East Mississippi Community College Heavy Civil Construction instructor Carlton Ray Hollis, Sr., at left, gives student Tammy Warren pointers on the operation of a dozer used in the program. Appalachian Regional Commission grant funds will be used to purchase additional equipment for the program.

February 10, 2021

East Mississippi Community College’s Workforce and Community Services division has been awarded a $300,000 Appalachian Regional Commission (ARC) grant that will be used to purchase two semitrucks, a heavy-equipment trailer and a training simulator to support division programs on EMCC’s Golden Triangle and Scooba campuses.

The ARC is an economic development partnership agency of the federal government and 13 state governments, of which Mississippi is a member. ARC uses congressionally appropriated funds to invest in economic and community development projects in 420 counties across the Appalachian region.

“We are very grateful for the ARC’s continuing support,” EMCC Vice President of Workforce and Economic Development Dr. Courtney Taylor said. “The ARC was instrumental in helping fund construction of The Communiversity and further support through grants like this allows us to diversify our programs to ensure we are meeting the local demand for skilled employees. Our residents benefit through increased wages while boosting the regional economy and promoting economic development.”

One of the semitrucks to be purchased with the grant funds will be used on EMCC’s Golden Triangle campus to train students enrolled in the Commercial Truck Driving program. The other semitruck will be housed at the college’s Scooba campus for use in a Commercial Truck Driving course to be offered there, as well as in the Utility Lineworker Technology program.

In addition to receiving certification in pole climbing, forklift operation and OSHA safety training, students in the Utility Lineworker program also receive instruction needed to earn a Class A CDL, or commercial driver’s license.

“Utility co-ops and places that hire Lineworker graduates want them to have their CDLs because they have some big trucks and during an emergency situation they want them to be able to drive anything they have, including pole trucks,” program instructor Chuck Cotton said.

The grant funds will also be used to purchase a training simulator for a Heavy Civil Construction program that will be offered at EMCC’s Scooba campus in the fall. Two simulators are already in use at The Communiversity, where the Heavy Civil Construction program was launched this spring.West Point resident Tammy Warren is enrolled in the Heavy Civil Construction course at The Communiversity at East Mississippi Community College. Here, Warren trains on a simulator used in the program, which has received Appalachian Regional Commission grant funds to purchase additional instructional equipment.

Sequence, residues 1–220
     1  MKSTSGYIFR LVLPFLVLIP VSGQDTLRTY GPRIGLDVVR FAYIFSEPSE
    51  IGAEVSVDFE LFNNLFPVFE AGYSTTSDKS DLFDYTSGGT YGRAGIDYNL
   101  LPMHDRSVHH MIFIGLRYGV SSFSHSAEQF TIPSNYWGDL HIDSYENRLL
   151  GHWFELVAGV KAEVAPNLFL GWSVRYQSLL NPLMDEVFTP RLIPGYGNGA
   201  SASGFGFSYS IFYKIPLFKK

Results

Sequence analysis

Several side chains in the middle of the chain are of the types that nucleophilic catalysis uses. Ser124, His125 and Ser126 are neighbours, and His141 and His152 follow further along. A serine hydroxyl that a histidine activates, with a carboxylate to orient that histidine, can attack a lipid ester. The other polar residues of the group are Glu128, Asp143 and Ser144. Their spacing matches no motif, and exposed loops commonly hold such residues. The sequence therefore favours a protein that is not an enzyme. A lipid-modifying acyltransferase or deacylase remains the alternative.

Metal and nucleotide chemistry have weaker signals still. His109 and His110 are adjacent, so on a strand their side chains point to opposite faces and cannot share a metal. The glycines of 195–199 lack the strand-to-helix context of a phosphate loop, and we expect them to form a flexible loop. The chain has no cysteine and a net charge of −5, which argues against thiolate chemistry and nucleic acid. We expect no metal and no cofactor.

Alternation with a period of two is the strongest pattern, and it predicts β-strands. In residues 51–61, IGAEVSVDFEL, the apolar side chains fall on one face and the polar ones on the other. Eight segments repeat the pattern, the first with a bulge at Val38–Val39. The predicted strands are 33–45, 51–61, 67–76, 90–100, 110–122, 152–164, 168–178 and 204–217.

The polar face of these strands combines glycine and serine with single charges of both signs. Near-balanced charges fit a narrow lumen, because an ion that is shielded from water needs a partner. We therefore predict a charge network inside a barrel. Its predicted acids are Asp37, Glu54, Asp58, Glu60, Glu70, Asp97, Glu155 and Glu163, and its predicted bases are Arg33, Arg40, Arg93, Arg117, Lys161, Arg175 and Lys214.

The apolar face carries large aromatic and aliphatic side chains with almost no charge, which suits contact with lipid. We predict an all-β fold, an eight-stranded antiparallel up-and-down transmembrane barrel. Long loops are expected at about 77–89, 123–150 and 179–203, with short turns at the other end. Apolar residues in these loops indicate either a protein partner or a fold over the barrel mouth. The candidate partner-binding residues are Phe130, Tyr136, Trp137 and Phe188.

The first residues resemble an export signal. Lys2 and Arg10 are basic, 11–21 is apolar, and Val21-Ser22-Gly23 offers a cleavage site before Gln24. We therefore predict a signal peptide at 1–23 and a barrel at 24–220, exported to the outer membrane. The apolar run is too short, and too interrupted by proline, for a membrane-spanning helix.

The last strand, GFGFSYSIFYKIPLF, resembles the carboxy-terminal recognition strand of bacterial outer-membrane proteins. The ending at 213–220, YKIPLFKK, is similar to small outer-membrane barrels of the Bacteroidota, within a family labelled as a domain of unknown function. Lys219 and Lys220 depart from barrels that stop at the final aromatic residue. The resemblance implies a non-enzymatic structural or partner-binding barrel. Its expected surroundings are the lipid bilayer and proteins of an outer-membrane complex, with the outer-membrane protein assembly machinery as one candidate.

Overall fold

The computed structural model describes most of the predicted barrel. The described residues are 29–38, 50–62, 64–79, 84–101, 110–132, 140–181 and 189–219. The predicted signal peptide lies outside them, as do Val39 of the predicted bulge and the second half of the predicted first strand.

“The job prospects in the field are good,” program instructor Carlton Ray Hollis, Sr., said. “There is a lot of road construction going on and new subdivisions being built.”

Among other things, the 12-week noncredit program teaches students to operate heavy equipment used on road and bridge projects and at construction sites. A dozer and an excavator used at The Communiversity to train Heavy Civil Construction students will be also be used on the Scooba campus once the program there is operational.

Part of the grant funds will be used to purchase a lowboy trailer to teach participants how to load and unload heavy equipment and to transport the equipment between campuses.

West Point resident Tammy Warren is one of two females enrolled in the inaugural class for the Heavy Civil Construction program at The Communversity. Warren said she spent most of her adult life working in an office setting performing secretarial, bookkeeping, human resources and payroll duties.

She said she always wanted to operate heavy equipment though.

“One of the things that attracted me was the prospect of operating equipment that powerful,” Warren said. “Also, I love being outdoors.”

The two simulators at The Communiversity have the same controls as those found on the real dozer and excavator used in the program. Hollis said students must first learn to operate the simulators and undergo OSHA safety training before graduating to instruction on the heavy equipment.

“This is all about teaching them to safely operate the equipment,” Hollis said.

For more information on any of the programs, email workforce@eastms.edu or call 662.243.1803.